Spotted owl endangered species - Thawat Tanbai-RF.jpg

OLYMPIA - The Washington Department of Fish and Wildlife (WDFW) is seeking the public's help to provide information on 19 wildlife species as part of a periodic review of native wildlife populations. 

WDFW's review process includes the following species: Steller Sea Lion, Killer Whale, Lynx, Western Gray Squirrel, Woodland Caribou, Columbian White-tailed Deer, Brown Pelican, White Pelican, Bald Eagle, Peregrine Falcon, Greater Sage-grouse, Sandhill Crane, Snowy Plover, Marbled Murrelet, Northern Spotted Owl, Streaked Horned Lark, Oregon Vesper Sparrow, Western Pond Turtle, and Taylor's Checkerspot butterfly. For a preliminary schedule of presentations to be made to the Fish and Wildlife Commission on these species by year, please visit our WDFW's Species Status Review website.

The species have all been listed, have been recently de-listed, or are being reviewed for listing as endangered, threatened or sensitive by the State of Washington.

"We are interested in obtaining information from the public, including non-governmental organizations, universities, private researchers and naturalists, to supplement current data," said Hannah Anderson, listing and recovery section manager for WDFW's Wildlife Diversity Division.

"We're fortunate to have people in Washington who care deeply and engage on these issues," she added. "Such groups and individuals likely have valuable data, such as annual population counts or privately developed habitat management plans."

WDFW is specifically looking for information on:

  • Species demographics
  • Habitat conditions
  • Threats and trends
  • Conservation measures that have benefited the species
  • New data collected since the last status review for the species

Public input is an important part of gathering the best available scientific data for any species, said Anderson. "We greatly value this information and all the people who work with us to conserve and protect species," she added.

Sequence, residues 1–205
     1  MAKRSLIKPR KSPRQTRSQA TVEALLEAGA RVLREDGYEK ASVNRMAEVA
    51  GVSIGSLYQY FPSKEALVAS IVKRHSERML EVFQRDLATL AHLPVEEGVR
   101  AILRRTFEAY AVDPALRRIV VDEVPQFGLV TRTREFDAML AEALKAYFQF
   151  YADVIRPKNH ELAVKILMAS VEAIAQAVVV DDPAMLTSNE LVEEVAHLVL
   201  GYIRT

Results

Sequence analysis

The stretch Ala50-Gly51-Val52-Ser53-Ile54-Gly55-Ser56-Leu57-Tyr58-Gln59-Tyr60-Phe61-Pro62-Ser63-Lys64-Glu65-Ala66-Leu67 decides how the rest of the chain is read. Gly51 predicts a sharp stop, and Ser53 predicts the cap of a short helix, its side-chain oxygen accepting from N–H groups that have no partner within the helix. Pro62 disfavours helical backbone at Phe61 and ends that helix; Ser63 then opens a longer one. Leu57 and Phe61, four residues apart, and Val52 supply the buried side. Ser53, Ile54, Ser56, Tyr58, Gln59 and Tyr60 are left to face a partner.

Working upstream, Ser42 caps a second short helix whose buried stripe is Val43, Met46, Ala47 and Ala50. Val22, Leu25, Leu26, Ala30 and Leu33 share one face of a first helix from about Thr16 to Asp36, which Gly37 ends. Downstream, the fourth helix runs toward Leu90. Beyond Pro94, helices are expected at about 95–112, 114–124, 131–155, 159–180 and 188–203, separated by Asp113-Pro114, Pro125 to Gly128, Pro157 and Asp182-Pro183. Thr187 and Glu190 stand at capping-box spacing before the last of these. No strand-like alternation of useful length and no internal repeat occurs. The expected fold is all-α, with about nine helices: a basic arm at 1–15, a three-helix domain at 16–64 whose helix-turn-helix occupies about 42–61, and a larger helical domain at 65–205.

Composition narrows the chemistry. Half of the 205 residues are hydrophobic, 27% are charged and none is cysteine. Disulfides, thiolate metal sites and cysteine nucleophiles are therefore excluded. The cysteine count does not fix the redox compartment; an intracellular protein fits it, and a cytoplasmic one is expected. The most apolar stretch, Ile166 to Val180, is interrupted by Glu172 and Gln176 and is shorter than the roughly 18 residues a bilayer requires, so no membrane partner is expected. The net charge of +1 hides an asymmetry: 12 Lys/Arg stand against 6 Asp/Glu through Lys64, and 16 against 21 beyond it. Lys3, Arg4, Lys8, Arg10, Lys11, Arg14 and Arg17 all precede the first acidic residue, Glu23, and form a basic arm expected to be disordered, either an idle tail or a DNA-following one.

Wildlife managers will use the information to help update status reports for each species. More information on the process is available on WDFW's Species Status Review website.

The public may share information by email vial TandEpubliccom@dfw.wa.gov, or by mail to Hannah Anderson, Washington Department of Fish and Wildlife, P.O. Box 43141, Olympia, WA 98504-3141.

WDFW will seek additional public comments, complete a draft status review and make updated status reports available on the department's website as they are completed. The public will be able to view the most recent species reports and past reports online.

WDFW is the state agency tasked with preserving, protecting and perpetuating fish, wildlife and ecosystems, while providing sustainable fishing, hunting and other outdoor recreation opportunities. The agency works to keep common species common and restore species of greatest conservation need.

(3) comments

Tom Davis

Since we seem to reevaluating pretty much everything these days maybe we should ask ourselves if we even need wildlife; it costs millions to save things we don’t even eat, like cougars and bobcats, right? So what are we saving them for? I mean, it’s not like we’re going to run out of deer anytime soon, and with fewer predators we increase the success rate of deer hunters. We should keep the bees, of course, they work for us so they’re worth saving, but do we really need otters or seals or whales, all they do is eat the same food salmon eat so there’s less salmon, and I really like salmon, especially with seasoned butter and a sprig of rosemary. So, let’s revisit the whole save the bald eagles, mural marmalades or whatever they call those stupid birds, and get rid of things we don’t actually need and get on with mining, timber cutting and all the other good stuff that actually makes money so we can have a better life. That’s my opinion.

Tom Davis

P.S. No wildlife was harmed during the creation of this satire.

Kevin Frankeberger

The humor here is that it had to be pointed out that Tom's comment was indeed, satire. I hear that whale blubber isn't too bad if eaten before being used for lantern fuel.

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